C OFFICIALS OF Baltimore County and the Timonium Fairgrounds are saying the right things about a proposed expansion of the fairgrounds and how it would affect business at the Convention Center in downtown Baltimore. Fairgrounds operators want to undertake a $4 million project that would increase the total amount of building space at Timonium to 270,000 square feet. At this preliminary stage of the planning, they envision signing up regional consumer and trade shows, leaving large-scale national gatherings to the Convention Center, which is currently being doubled in size to 300,000 square feet.
A Convention Center manager complained that the smaller shows coveted by fairgrounds managers "are a huge, huge part of our future marketing plan." Not to worry, say county and fairgrounds officials. Baltimore County Executive Dutch Ruppersberger has told Mayor Kurt Schmoke that the county does not want to compete with the city, but rather take overflow from the city facility. Apparently, though, overflow convention business is not a concern for the city, given the comments of show organizers who say they have received shabby treatment from Convention Center officials. Tourism is too important to Baltimore for this problem to continue. It must be remedied.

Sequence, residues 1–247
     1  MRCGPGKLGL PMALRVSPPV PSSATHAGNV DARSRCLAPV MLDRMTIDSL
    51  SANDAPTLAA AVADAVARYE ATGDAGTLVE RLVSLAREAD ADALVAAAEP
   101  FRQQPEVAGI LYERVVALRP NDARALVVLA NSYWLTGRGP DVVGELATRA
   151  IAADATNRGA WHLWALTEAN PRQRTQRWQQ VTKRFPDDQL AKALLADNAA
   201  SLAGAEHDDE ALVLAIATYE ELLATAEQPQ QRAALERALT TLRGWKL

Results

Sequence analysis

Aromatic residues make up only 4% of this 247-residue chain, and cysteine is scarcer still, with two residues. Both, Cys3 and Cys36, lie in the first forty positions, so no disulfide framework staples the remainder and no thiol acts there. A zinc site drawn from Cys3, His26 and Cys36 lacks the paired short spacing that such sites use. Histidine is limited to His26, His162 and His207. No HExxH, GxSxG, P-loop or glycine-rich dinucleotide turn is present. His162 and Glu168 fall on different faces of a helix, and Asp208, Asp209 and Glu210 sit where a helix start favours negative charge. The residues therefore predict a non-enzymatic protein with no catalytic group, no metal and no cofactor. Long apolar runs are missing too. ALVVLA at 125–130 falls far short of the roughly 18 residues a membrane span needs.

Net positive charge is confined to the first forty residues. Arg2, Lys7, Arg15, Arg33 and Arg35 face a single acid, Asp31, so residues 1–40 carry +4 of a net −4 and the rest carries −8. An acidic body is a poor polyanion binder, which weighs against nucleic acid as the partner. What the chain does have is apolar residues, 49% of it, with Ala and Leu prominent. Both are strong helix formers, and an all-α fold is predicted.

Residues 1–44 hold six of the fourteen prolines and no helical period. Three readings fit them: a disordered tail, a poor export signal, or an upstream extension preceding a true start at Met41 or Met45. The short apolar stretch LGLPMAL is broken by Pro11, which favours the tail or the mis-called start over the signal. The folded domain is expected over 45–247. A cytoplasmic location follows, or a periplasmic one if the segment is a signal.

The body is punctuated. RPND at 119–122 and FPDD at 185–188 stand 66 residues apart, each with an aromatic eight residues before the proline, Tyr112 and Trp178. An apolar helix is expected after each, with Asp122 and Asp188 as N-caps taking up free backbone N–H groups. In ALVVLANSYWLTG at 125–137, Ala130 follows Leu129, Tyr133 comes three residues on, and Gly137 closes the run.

Baltimore city and county officials should jump at this opportunity to plot a strategy for their jurisdictions to pool resources and work in tandem to scoop up conventions and trade shows of all varieties. A city-county partnership should be formed to handle recruitment and marketing of business.
Logically, the bigger events would be held downtown, the smaller ones in Timonium. A partnership would allow for flexibility as to where gatherings could be staged. And if an event is too large for one site, parts of it could be scheduled at the other location; each is easily reached from the other by car or light rail.
Enlarging the Timonium facility is not a bad idea; for one thing, it would add much-needed space for the annual State Fair. But, more important, it would provide Baltimore City and Baltimore County a chance to handle convention business in a complementary fashion that creates a double boon for the region.